That felt good.

When everybody is a socialist

Another great EJ Dionne column today– this one on the oil spill.  My favorite parts:

“The strength of America is not found in our government,” Jindal declared in his response to President Obama’s February 2009 address to Congress. “It is found in the compassionate hearts and the enterprising spirit of our citizens.”…

You can’t blame Jindal for being mad. But will he ever acknowledge that “compassionate hearts” were not sufficient for coping with this catastrophe? Did he ever ask BP how prepared it was for something like this? Or was he just counting on the company’s “enterprising spirit”?…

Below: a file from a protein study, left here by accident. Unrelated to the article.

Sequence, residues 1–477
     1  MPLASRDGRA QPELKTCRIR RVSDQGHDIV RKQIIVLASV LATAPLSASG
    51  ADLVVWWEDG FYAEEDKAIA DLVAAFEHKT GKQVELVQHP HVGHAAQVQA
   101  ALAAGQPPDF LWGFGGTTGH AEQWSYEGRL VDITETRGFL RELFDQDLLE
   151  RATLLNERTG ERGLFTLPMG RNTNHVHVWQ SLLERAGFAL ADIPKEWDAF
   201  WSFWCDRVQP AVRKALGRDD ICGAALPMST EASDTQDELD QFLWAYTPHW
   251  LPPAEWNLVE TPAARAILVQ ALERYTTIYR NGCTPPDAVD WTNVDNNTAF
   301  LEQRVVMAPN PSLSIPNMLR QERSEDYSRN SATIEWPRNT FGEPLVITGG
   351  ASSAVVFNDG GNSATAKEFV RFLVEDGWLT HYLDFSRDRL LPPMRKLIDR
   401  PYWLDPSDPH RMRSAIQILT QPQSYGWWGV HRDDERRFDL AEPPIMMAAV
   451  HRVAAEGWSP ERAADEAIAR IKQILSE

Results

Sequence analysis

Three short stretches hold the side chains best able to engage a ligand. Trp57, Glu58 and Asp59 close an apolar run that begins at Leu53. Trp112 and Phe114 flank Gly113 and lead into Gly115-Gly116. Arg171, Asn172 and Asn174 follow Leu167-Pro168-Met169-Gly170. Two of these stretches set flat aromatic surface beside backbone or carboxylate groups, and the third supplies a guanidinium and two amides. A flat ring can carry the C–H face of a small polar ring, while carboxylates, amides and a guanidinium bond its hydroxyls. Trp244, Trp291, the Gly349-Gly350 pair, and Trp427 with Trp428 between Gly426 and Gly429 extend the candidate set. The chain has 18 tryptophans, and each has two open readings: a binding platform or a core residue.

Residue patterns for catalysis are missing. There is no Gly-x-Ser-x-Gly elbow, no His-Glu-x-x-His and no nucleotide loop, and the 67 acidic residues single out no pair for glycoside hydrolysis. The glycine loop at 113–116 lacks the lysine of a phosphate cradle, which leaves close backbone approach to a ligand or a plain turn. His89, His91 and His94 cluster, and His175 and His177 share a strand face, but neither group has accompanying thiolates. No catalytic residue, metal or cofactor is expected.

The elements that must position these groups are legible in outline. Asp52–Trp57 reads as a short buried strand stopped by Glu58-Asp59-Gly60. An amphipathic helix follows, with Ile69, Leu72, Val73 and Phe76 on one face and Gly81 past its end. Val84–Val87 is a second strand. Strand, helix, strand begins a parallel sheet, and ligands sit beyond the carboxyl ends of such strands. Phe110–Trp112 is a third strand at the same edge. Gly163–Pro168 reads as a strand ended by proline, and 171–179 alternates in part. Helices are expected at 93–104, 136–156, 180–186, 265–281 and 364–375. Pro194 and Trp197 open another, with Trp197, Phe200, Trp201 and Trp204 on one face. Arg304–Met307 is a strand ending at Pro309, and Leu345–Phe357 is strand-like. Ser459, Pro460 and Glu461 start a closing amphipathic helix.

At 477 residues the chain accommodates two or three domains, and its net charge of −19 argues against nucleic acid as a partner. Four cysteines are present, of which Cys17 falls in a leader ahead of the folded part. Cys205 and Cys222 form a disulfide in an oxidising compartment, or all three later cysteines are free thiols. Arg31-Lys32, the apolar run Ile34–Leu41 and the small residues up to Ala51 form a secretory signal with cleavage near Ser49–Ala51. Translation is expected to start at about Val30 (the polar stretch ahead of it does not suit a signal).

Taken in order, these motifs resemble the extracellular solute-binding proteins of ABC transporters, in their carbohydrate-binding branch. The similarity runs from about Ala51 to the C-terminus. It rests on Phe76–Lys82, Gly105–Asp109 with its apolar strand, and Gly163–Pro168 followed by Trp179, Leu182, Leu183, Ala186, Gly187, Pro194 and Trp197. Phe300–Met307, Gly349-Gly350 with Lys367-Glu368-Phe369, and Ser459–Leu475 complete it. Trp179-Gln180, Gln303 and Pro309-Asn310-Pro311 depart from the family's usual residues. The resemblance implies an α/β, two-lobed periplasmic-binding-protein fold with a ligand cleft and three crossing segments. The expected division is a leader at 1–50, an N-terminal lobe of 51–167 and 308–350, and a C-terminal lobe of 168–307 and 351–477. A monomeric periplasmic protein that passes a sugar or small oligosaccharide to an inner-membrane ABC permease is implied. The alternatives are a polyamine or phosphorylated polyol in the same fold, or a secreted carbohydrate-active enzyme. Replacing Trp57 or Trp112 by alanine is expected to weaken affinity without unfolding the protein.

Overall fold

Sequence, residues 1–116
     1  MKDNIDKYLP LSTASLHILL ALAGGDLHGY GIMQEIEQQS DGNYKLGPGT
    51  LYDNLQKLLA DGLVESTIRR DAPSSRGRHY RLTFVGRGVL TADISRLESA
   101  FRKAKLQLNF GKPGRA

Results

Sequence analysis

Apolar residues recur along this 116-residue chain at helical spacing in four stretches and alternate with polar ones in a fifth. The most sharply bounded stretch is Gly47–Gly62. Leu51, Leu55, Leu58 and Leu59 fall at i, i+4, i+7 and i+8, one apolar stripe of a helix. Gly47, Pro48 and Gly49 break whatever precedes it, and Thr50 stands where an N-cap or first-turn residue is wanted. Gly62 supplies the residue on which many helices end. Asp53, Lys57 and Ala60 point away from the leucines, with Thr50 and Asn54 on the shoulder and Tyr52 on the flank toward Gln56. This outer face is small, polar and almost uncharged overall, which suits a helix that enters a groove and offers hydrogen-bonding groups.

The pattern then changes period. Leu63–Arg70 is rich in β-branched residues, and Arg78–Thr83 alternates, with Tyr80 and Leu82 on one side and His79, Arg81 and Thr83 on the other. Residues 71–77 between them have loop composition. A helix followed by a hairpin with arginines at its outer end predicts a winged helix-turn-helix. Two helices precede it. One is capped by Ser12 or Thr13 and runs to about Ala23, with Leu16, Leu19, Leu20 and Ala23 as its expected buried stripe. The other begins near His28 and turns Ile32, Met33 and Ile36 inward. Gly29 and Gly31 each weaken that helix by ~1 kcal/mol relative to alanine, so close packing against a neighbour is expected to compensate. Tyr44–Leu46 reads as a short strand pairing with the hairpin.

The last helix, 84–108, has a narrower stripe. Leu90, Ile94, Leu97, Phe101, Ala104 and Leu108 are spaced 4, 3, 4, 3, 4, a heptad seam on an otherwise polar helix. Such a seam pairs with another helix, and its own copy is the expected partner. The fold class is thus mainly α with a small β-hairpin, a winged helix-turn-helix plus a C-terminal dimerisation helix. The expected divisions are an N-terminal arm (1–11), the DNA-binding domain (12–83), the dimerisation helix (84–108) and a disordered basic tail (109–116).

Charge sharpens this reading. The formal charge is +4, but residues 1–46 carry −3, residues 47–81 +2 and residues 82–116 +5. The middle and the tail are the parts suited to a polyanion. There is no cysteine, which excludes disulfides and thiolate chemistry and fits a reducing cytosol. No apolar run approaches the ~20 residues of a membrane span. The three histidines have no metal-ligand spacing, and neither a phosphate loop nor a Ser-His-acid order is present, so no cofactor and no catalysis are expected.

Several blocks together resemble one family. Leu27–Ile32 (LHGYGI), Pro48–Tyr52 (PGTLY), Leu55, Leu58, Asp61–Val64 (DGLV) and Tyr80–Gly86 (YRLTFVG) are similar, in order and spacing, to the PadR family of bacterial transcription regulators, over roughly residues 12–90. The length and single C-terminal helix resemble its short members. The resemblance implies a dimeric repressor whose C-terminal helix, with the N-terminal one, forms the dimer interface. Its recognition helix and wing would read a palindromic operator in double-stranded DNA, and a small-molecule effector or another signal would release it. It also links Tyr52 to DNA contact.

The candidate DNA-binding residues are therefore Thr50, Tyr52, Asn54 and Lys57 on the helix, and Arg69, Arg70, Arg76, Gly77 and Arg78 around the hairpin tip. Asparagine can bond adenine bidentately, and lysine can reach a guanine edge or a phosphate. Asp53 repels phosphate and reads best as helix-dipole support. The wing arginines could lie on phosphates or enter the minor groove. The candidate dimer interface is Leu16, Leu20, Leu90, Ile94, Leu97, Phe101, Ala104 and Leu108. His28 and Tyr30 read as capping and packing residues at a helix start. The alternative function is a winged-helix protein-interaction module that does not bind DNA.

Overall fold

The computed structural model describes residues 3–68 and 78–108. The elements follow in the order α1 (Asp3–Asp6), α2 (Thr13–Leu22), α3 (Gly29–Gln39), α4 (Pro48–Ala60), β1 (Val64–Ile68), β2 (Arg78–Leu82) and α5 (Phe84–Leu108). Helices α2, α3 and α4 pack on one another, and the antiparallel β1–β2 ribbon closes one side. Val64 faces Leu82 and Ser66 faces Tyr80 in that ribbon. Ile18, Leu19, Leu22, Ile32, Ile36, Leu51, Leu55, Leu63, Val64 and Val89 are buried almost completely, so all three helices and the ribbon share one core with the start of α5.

“Deregulation” is wonderful until we discover what happens when regulations aren’t issued or enforced. Everyone is a capitalist until a private company blunders. Then everyone starts talking like a socialist, presuming that the government can put things right because they see it as being just as big and powerful as its Tea Party critics claim it is.

But the truth is that we have disempowered government and handed vast responsibilities over to a private sector that will never see protecting the public interest as its primary task. The sludge in the gulf is, finally, the product of our own contradictions.

Why I am still Catholic